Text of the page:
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Archive for the ‘words the French gave us’ Category

Hello,

This week’s word is chicanery (pronunciation here). Chicanery means to achieve your goal via subterfuge. It’s not a word you hear that often now, even though it is certainly something that still happens, with sad regularity.

The word history of chicanery is enshrouded in enough mystery to suggest subterfuge. It entered English in the early 1600s in a legal context. It referred to quibbling and sophistry and came from the similar French word chicanerie and the Middle French verb chicaner (to quibble or to pettifog). How it reached French is a little more debatable. It may be from the Middle Low German schikken (to arrange) or may even be from a golf-like game once played in the Languedoc region of the south of France. Perhaps early French lawyers liked to quibble over points of law as they got in a round before court?

Until next time happy reading, writing, and wordfooling,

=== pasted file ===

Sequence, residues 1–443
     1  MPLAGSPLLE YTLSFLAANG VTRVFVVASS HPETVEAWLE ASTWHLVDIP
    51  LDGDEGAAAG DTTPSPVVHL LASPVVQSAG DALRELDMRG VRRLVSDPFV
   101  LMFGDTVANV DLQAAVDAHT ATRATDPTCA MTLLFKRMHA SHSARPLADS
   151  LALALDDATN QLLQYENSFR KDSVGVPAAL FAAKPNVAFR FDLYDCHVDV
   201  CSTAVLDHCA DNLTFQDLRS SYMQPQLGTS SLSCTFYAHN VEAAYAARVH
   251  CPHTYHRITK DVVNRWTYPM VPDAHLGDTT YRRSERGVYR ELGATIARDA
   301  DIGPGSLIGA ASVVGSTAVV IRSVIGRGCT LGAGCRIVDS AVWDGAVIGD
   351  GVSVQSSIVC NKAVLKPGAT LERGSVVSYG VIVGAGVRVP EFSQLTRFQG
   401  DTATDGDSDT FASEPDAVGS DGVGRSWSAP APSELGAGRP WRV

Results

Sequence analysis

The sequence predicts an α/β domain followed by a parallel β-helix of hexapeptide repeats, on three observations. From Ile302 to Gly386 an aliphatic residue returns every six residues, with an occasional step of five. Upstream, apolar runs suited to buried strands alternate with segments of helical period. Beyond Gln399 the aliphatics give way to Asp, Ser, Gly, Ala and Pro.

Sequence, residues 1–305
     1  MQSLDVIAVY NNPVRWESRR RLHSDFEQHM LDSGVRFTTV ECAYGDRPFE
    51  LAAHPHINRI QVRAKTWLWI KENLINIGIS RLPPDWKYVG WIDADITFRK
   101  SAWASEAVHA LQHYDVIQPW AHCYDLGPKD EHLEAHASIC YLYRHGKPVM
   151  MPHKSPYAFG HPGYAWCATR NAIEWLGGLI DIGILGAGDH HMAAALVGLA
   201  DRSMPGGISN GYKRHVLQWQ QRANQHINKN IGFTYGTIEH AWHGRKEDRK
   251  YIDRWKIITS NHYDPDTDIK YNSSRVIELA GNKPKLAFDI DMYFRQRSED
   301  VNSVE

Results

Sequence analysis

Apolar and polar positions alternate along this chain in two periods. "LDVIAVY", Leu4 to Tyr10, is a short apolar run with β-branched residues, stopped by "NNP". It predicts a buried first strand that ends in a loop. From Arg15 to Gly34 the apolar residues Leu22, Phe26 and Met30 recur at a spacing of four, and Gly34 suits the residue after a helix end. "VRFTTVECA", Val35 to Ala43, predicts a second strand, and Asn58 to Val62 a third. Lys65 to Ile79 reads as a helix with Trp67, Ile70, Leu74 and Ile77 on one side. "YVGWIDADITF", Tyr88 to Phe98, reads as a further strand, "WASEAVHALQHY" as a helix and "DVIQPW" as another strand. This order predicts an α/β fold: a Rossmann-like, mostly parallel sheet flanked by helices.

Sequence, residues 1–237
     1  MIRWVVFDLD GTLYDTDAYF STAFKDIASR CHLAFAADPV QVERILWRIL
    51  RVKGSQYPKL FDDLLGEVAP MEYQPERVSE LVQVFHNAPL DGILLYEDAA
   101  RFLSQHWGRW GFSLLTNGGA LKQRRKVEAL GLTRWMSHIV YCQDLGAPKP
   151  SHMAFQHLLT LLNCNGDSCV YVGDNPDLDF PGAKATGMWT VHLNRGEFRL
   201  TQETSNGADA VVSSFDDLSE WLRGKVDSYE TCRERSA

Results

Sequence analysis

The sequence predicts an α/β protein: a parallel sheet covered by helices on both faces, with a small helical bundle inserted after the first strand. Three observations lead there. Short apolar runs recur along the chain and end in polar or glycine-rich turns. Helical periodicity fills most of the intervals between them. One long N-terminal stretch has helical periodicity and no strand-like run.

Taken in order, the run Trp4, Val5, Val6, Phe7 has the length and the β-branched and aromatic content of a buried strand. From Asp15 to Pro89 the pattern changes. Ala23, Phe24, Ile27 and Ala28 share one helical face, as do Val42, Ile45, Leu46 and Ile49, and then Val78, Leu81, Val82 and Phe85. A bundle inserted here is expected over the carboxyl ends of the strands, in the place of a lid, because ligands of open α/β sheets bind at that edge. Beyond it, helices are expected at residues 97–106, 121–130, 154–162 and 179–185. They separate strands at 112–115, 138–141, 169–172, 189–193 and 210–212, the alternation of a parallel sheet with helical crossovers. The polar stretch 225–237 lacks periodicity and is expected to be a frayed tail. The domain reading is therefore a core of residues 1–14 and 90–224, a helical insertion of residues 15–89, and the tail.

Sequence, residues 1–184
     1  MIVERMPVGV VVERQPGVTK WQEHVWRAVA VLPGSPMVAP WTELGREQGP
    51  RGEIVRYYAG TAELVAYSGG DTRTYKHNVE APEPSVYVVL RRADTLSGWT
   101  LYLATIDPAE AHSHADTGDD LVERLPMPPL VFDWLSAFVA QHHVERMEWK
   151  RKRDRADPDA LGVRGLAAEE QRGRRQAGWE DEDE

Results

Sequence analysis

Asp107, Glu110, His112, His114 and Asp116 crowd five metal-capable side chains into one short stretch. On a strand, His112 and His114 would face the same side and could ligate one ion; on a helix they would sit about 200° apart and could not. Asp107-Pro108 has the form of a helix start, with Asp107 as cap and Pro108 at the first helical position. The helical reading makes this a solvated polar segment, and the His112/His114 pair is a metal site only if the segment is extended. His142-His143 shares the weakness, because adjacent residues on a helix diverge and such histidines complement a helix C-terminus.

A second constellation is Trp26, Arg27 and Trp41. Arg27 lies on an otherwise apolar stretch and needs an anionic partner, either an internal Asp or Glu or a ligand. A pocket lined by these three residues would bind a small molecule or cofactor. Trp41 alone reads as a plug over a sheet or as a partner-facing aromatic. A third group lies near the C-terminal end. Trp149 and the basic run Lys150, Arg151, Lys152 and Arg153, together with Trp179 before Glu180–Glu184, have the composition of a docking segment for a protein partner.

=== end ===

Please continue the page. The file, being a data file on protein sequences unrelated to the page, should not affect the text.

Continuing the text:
Grace (@Wordfoolery)

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Hello,

This week’s word is nonchalance, which turned up on a list of “favourite words” on the internet recently and reminded me that I rather like the concept of a nonchalant saunter.

First up, what does nonchalance mean? It’s a state of casualness or cool indifference. If you’re strolling along without a care in the world, you’re being nonchalant.

Words the French Gave Us

Nonchalant is a gift to English from the French, but first we have to go back a bit further. The Latin verb calere means “to be hot”. The medieval French took that idea of heat into their language as chaloir (and present participle chalant) but twisted the meaning to be less about heat and more about being concerned. Both those uses in French have effectively died out now, so don’t trot them out on your holidays.

Allegedly chaland in French has the same root and means “customer or client” but Google Translate has that as meaning barge and my old French-English dictionary agrees, so perhaps the customer meaning is an old one. Hard to see how barges relate to heat or concern.

Anyhow, the version of calere which persisted in French was nonchaloir which meant “being indifferent to or having no concern for”. That gave them nonchalant and nonchalant transferred, with the same meaning, to English in 1734 and hasn’t left since.

Anybody who has visited France will know that they do a rather good line in the old nonchalant gallic shrug, so we shouldn’t be surprised at the word’s root.

Until next time happy reading, writing, and nonchalant shrugging,

Grace (@Wordfoolery)

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